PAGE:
In 2020, ATA and the Center for Traditional Textiles of Cusco (CTTC) completed interviews with several young weavers from communities throughout the Peruvian highlands. This is the first in a series of blog posts based on those interviews. I hope you enjoy meeting these remarkable young women as much as I have enjoyed summarizing their stories.
Lourdes Sullca Gutieerez and Nery Condori Layme are young weavers from Accha Alta, a Peruvian village high in the Andes Mountains. Nestled on a steep mountain slope close to the ruins of an ancient Incan granary, the village is the home of the Munay Pallay Awaqkuna weavers, an association in which Lourdes and Nery are members.
Like many young people in Peru’s highland villages, Lourdes and Nery learned the basics of their textile heritage at a young age, 8 and 9 years old, respectively. Accustomed to seeing their mothers weaving beautiful things, they wanted to weave just like them. But the family ties that enticed the two girls to start weaving go back even further. “Weaving is a way to honor my grandparents and ancestors,” Lourdes explains.
When the girls first started to weave, they wove plain cloth without any designs. As they gained more experience, they learned ley, a supplementary warp-faced technique commonly used by Accha Alta weavers to create numerous simple to complex designs. “I know the designs for roses, boxes, eyes, and órgano (a design with little holes),” says Nery, the oldest of the two girls. Lourdes can now add qochas, flowers, q’ergo and chilipica designs to her woven pieces. She also has two favorite designs for chalina shawls. “I like the órgano, also chaska, and I mix in roses or boxes. We call it chaska because they are like the stars of the sky.”
Many of the patterns used by the girls have origins that date back centuries. That important cultural history also applies to the traditional clothing and household items they produce. Nery typically weaves ponchos, cushions, and sacks used to carry potatoes and other food. Lourdes weaves belts, sashes, blankets, and cushions. Asked what is their favorite thing to weave, both girls agree on scarves. “I enjoy weaving scarves and shoulder cloths, but mostly scarves because they take more time and I use them to relax,” explains Nery. Lourdes adds, “I enjoy weaving scarves because I use them.”
A piece such as shoulder cloth (also known as a manta) can take Lourdes two months to weave. “It takes a long time because I go to school,” she says. If I wove full time, I would finish them in one month.”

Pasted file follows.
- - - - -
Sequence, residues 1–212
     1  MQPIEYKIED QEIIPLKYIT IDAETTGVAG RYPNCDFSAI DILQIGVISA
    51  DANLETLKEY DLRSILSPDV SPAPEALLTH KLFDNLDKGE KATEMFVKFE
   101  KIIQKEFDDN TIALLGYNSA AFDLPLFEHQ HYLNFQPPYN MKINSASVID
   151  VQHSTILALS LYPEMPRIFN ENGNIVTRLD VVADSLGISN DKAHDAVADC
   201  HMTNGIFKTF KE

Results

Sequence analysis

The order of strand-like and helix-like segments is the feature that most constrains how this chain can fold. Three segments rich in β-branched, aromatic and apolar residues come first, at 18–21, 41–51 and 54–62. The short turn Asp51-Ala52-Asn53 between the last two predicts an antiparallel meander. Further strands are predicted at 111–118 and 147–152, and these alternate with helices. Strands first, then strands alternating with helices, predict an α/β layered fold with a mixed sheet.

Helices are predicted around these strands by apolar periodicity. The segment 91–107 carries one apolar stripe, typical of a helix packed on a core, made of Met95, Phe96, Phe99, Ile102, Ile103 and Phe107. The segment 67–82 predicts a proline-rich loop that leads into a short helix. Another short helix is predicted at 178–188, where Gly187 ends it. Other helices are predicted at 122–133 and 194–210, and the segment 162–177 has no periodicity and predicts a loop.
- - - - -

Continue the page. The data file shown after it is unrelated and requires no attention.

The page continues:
While the girls do less weaving while they are in school, the weaving they can complete helps pay for their education. “At the end of the month, we bring what we made to the center (CTTC) and they buy our weavings,” Nery explains. “With the money we help our parents and use it for our studies.”
According to the girls, the center also teaches them new techniques, provides them with materials, and helps them promote their work—both woven and knitted pieces.
“We also know how to make chullos (hats),” says Lourdes. “For the chullos there are designs called puytu, k’uta, and pesqochakuna. To make these, we use the five palitos (knitting needles, literally “little sticks”) that are made of wire.” (For decades, Andean knitters used knitting needles that were sharpened bicycle spokes.) In addition, Nery says they also uses palitos to knit socks, coin purses, and headbands.
Everything the girls knit and weave is made with hand-spun yarn. Lourdes recalls when she started to spin at five years old: “My first yarn was ugly and thick, and we made our own spindles using the branches of trees. Now that I know how to spin well, mama gave me a spindle. She bought the spindle from a craftsman who makes spindles from wood.”
For Lourdes and Nery, continuing their textile traditions is a family affair. “In my family, everyone knows how to weave, spin, and twist,” says Lourdes. “My mother is a weaver. She taught me first, and then I taught the younger children, sister-to-sister. Now my younger sisters also are in weaving workshops. My brother also knows how to weave, and my father knows how to weave without designs.”
The situation is similar for Nery. “In my family, also, everyone knows how to spin, weave, and knit. We knit chullos. The first to learn was my mother and she taught my sister. Seeing this I also learned, and I taught the younger children.”
Listening to these two young women, you can hear the commitment they have to protect their textile culture, despite prejudices that still exist against their heritage and way of life.
“We are not ashamed,” says Nery. “We are proud of what we weave.”
Lead photo: Nery (left) and Lourdes (right) during their interview with CTTC.